Financial Express | Oct 14, 2010
New Delhi: India and Mauritius have resumed discussions over a proposal to hand over the twin islands of Agalega in the Indian Ocean to India either on long-lease or by perpetual ceding of control. The Mauritius-held islands with a total area of 24 sq km or 2,400 hectares (the official figure is much higher at 70 sq km) is seen as ideal for development as a tourist destination by India, which is closer to it than the African country which is 1,100 km south of it.
According to sources privy to the talks, the idea is to let Indian corporates develop hotels and resorts and upgrade the existing airstrip into an airport. The land could also be used for agriculture and other strategic purposes by India.
The two countries had briefly discussed the matter about five years ago, but the talks fell apart due to lack of full political support in Mauritius.
If India gets rights over the Agalega islands, it will mark a move towards the country having a footprint on another Indian Ocean island. Currently, New Delhi governs Andaman and Nicobar Islands and the Pamban island on the eastern Indian Ocean and Lakshadweep in the western part. Australia, France, Malaysia and Indonesia are other countries controlling islands in the Ocean. The US owns Diego Garcia in the Indian Ocean, which is used as a large military base.
Agalega has two islands —North and South Agalega—which are over 1,100 km from Mauritius. According to sources, if the islands are handed over to it, India might develop one of them to start with.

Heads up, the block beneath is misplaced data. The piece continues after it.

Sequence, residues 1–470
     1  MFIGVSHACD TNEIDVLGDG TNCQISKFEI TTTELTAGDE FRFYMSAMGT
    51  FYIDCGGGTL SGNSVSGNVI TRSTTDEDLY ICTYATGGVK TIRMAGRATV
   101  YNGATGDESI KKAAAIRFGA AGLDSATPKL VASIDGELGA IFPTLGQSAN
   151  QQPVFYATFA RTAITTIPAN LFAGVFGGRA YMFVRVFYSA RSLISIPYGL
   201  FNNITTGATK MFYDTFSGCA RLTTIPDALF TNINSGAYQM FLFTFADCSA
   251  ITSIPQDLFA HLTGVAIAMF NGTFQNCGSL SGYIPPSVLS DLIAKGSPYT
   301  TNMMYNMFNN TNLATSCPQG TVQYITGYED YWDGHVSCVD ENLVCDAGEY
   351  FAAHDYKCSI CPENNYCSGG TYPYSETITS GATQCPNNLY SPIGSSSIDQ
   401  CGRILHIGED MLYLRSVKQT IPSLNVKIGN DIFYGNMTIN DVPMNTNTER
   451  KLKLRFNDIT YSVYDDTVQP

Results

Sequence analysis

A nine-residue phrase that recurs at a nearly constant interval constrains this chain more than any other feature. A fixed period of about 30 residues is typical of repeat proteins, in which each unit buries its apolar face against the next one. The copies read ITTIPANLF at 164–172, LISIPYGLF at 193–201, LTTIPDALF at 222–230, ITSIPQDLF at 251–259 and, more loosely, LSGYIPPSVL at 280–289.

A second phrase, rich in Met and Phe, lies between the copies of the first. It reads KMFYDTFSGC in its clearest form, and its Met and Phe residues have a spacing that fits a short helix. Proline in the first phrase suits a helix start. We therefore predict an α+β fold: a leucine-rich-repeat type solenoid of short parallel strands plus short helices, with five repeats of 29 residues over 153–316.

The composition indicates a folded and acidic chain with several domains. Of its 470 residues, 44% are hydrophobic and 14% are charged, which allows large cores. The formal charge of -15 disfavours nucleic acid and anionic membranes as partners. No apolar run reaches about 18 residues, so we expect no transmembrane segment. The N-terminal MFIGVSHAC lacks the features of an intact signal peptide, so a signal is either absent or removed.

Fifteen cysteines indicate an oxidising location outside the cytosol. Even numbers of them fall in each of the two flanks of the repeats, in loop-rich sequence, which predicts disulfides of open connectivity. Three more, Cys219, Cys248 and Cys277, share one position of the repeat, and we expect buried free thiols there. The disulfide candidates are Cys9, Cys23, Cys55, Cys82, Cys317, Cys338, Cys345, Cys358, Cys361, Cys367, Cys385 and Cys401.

Private participation is needed to develop the island as the cost of developing it into a premium tourist destination would set back the Mauritius government by a substantial amount.
Official statistics say the two islands have a combined land area of around 70 sq km, but the actual area is much less.
Sources added that given the nature of Mauritian politics, it could still be an uphill task before a formal handover. The island nation's politics is built around balancing the interests of various ethnic communities such as the Francophone Creoles and the Indo-Mauritians. Creoles have a serious objection to the deal. At present, people travel to the islands at their own risk, for which an undertaking is insisted upon.Agalega is a two-island dependency of Mauritius in the western Indian Ocean. Copra and coconut oil are produced and exported, and some poultry and cattle are raised and vegetables grown for subsistence. The principal villages are Vingt Cinq on North and Sainte Rita on South. There are few roads motor vehicles.